Mara Papakostas has won a highly competitive 2018 National Security Education Program (NSEP) David L. Boren Scholarship to study Mandarin in Shanghai, China. Hers is one of only about 225 awarded nationwide.
Boren Scholarships fund up to $20,000 for the study of less commonly taught languages in regions critical to U.S. interests, in exchange for a minimum one year of postgraduate government service.
Papakostas is already looking ahead well beyond that–she plans to pursue a career with the State Department, predicting trends and shaping U.S. policy as a dual specialist who shuttles between China and the Middle East.
"China is a rising power and will not be able to remain non-interventionist in the Middle East much longer," she wrote in the international security essay for the scholarship application.
By graduation, Papakostas aims to be fluent in Mandarin and Arabic.
Papakostas's father came from Greece to the United States to pursue his doctorate in computer science. Her American-born mother, a higher education administrator who studied abroad in France, enrolled their three daughters in a French immersion program at Dallas International School in Dallas, Texas, where the girls also studied Spanish and English. Dallas, of course, boasts its own particularities of language and culture.
Dinner table conversation was lively, to say the least. At one point, the sisters paired Greek and Spanish to form a sort of private childhood language, one they sometimes still use for fun to communicate amongst themselves.
In tandem with proficiency in four languages, Papakostas developed a quickness of mind for spotting patterns between whole systems of thought, from geopolitical history to current events. As a high school student, her horizons expanded toward Arabic and Mandarin Chinese language and culture.
She traveled to China, once with a host family during high school and once through the Hanban/Confucius Institute. A school-break visit to an uncle working for the Department of State in Morocco led to a gap year before college studying Arabic in the State Department's National Security Language Initiative for Youth in Marrakech, where she also tutored schoolchildren. Now she is considering adding a concentration in Arabic to her double major in political science and East Asian studies.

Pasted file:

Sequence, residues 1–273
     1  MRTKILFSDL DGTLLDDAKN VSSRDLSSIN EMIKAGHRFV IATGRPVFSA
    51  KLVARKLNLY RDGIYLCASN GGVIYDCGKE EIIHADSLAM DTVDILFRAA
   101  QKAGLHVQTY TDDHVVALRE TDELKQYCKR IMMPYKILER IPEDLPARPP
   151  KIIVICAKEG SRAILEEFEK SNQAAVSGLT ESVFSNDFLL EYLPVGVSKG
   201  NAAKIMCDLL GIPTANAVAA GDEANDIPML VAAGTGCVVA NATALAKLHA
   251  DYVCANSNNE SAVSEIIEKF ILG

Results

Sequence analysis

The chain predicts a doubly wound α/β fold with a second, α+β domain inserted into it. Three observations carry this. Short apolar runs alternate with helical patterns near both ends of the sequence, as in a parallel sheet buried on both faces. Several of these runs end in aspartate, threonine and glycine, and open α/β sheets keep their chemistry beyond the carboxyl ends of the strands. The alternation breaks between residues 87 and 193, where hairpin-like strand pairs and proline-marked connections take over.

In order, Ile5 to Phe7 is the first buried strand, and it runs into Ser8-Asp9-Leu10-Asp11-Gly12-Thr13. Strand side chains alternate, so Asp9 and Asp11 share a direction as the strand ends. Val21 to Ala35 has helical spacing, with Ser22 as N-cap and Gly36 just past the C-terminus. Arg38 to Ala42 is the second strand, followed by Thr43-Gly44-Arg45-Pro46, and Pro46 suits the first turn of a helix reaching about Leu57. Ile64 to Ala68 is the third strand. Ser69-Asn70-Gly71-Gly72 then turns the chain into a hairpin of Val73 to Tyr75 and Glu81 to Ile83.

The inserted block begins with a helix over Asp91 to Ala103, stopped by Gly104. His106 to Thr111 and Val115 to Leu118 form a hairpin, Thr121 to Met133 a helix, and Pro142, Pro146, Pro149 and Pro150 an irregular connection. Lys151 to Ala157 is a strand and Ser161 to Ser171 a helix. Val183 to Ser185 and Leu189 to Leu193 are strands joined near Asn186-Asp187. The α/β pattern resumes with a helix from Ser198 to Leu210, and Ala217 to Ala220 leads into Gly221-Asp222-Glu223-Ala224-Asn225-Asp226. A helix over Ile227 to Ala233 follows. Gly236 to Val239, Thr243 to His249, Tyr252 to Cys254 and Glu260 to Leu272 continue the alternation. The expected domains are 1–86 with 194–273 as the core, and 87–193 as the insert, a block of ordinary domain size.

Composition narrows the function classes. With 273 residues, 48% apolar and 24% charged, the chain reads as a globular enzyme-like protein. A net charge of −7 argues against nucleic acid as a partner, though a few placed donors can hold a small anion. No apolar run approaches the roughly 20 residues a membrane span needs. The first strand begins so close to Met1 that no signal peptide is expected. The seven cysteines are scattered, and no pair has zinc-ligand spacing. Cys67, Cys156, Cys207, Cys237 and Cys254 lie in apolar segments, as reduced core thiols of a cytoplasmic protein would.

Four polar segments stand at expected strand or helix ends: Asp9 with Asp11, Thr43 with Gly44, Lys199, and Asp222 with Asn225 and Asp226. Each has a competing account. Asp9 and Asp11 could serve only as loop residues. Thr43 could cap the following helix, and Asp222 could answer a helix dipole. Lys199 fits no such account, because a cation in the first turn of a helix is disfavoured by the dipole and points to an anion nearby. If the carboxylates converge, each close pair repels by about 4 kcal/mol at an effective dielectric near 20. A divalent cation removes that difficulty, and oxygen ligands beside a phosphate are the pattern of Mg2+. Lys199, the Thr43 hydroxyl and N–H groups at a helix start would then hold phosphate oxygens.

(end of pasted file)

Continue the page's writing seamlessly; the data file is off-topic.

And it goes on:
At Davidson, Papakostas has taken advantage of opportunities to stay on the move geographically as well as academically. Last summer, she volunteered with a medical NGO in Greece as a translator of Greek and Arabic while taking Greek classes five days a week. She is currently studying abroad at the University of St. Andrew's in Scotland.
Somewhere in the middle of all the globetrotting, Papakostas got her application in to the Boren Programs, created in 1991 by legislation authored by then-Senator David L. Boren of Oklahoma.
Papakostas credits Davdison's Center for Career Development student support staff for guiding her through academic planning, personal and geopolitical essays, letters of reference, transcripts, language assessments and budgeting nitty-gritty all the way down to books, meals and bus fare.
"I owe it all to them. They guided me completely through that process," she said of Executive Director Jeanne-Marie Ryan and the staff of the Center for Career Development. "I spent a lot of last semester writing, erasing and rewriting."
Papakostas will spend this summer with the Davidson in Washington program, working for the NGO U.S.-China Strong toward building and promoting Mandarin education in schools across United States.
In the fall, Papakostas will join a cohort of Davidson in Shanghai students at Fudan University. The Boren Scholarship will permit her to extend her studies at Fudan through the following semester, for a full year of immersion in Chinese language and culture.
And she's already planning ahead–when she returns from China, she'll apply for a Fulbright Fellowship.